Oral arguments to be heard Wednesday in Rowan prayer lawsuit - | WBTV Charlotte

Oral arguments to be heard Wednesday in Rowan prayer lawsuit

The plaintiffs, Robert Voelker, Nancy Lund and Liesa Montag-Siegel (David Whisenant-WBTV) The plaintiffs, Robert Voelker, Nancy Lund and Liesa Montag-Siegel (David Whisenant-WBTV)
SALISBURY, NC (WBTV) -

All 15 judges on the U.S. Court of Appeals for the Fourth Circuit will hear oral arguments on Wednesday in the case involving the ACLU and three Rowan County residents who objected to the type of prayers being offered during meetings of the Rowan County Board of Commissioners.

In January of last year the case was heard by a panel of three judges. In September, that panel reversed the ruling that Rowan County Commissioners violated the Constitution when they held prayers before public meetings that were specific to one religion.

The United States Court of Appeals for the Fourth Circuit released a 73-page opinion which showed the three-judge panel ruled two to one in favor the Rowan County Commission.

"We are very pleased with the decision and think the court properly decided the matter," Rowan County Commission Chairman Greg Edds said at that time.

In October, the appeals court agreed to vacate and reconsider a divided 2-1 decision in September that found the practice constitutional.

The ACLU of North Carolina and national ACLU Program on Freedom of Religion and Belief filed the original lawsuit challenging the commissioners’ "coercive prayer practice" in March 2013 on behalf of Rowan County residents Nan Lund, Robert Voelker, and Liesa Montag-Siegel.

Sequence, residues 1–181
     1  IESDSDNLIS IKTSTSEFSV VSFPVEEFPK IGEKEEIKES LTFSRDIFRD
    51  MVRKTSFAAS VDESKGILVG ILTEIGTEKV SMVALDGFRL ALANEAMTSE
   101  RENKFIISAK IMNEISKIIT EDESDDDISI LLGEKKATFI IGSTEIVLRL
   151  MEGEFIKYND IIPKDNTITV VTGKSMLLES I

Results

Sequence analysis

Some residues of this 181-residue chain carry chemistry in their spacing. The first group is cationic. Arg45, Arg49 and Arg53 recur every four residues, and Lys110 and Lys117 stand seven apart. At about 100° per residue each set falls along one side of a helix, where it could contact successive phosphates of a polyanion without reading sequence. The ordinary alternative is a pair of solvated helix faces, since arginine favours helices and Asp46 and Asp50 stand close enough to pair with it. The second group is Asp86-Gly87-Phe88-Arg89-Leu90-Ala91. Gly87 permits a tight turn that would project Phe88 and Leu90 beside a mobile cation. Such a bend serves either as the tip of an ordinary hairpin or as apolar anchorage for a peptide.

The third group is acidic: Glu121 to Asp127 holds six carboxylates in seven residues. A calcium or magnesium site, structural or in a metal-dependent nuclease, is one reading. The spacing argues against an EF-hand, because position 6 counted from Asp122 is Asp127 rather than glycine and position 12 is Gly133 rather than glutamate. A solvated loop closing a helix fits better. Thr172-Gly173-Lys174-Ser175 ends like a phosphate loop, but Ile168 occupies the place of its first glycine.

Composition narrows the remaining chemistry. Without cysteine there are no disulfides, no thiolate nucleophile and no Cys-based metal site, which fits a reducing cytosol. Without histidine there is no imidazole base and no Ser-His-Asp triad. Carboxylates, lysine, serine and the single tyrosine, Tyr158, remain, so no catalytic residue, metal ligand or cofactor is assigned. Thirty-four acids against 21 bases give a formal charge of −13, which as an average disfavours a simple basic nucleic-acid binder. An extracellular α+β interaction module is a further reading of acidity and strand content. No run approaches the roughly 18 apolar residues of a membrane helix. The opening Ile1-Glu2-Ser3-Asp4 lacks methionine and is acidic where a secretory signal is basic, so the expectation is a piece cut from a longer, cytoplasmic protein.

The trio said the prayers were a violation of their first amendment liberties.

The complaint detailed how more than 97 percent of board meetings between 2007 and 2013 were opened with prayers specific to one religion, Christianity.

“Our clients simply want to ensure that when they and others attend local government meetings, they will not have to worry about being coerced into participating in a sectarian prayer that goes against their beliefs and being discriminated against by local officials when they don’t,” said ACLU of North Carolina Legal Director Chris Brook. “We believe that the First Amendment is on our side, and we look forward to making our argument to the full appeals court.”

In May 2015, a federal district court ruled the practice unconstitutional and ordered the commissioners to cease opening their meetings with sectarian prayer and a request that the public join them in prayers that advanced one faith.

The commissioners, who at the time delivered the prayers themselves, routinely called on Jesus Christ and referred to other sectarian beliefs during invocations. Opening invocations have declared that "there is only one way to salvation, and that is Jesus Christ," as well as given thanks for the "virgin birth," the "cross at Calvary," and "the resurrection."

The ACLU argued in the lawsuit that the practice of Christian prayer violates the Establishment Clause of the First Amendment of the U.S. Constitution, as well as the Fourteenth Amendment.

The Establishment Clause says that Congress shall make no law respecting an establishment of religion or prohibiting the free exercise thereof. The Fourteenth Amendment applies the Bill of Rights to state and local governments and includes the equal protection under the law clause.

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